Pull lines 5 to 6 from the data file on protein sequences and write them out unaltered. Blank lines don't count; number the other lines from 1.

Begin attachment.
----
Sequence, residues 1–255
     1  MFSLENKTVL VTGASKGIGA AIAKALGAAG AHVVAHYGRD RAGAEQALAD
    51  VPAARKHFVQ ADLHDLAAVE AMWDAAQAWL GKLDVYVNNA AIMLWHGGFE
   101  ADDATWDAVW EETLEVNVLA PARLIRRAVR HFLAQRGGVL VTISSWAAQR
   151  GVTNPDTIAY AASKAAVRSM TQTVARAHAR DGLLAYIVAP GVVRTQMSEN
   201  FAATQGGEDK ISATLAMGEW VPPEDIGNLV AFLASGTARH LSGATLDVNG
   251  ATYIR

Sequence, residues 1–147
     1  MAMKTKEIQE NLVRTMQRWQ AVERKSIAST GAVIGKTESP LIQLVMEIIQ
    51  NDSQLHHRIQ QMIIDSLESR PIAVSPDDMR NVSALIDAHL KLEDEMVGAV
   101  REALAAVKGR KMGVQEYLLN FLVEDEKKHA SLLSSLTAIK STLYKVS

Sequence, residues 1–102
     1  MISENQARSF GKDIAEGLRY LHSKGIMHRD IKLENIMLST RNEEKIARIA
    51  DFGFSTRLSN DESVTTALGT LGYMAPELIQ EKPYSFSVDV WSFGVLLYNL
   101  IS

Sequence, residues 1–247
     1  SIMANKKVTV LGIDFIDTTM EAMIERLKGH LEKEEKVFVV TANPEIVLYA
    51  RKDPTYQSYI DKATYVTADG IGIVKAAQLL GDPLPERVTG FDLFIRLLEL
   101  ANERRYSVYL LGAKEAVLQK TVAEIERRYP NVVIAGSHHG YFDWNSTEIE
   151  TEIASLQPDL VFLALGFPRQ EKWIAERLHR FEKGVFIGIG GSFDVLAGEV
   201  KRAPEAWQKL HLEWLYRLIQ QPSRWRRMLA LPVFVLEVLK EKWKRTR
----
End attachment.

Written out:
   151  GVTNPDTIAY AASKAAVRSM TQTVARAHAR DGLLAYIVAP GVVRTQMSEN
   201  FAATQGGEDK ISATLAMGEW VPPEDIGNLV AFLASGTARH LSGATLDVNG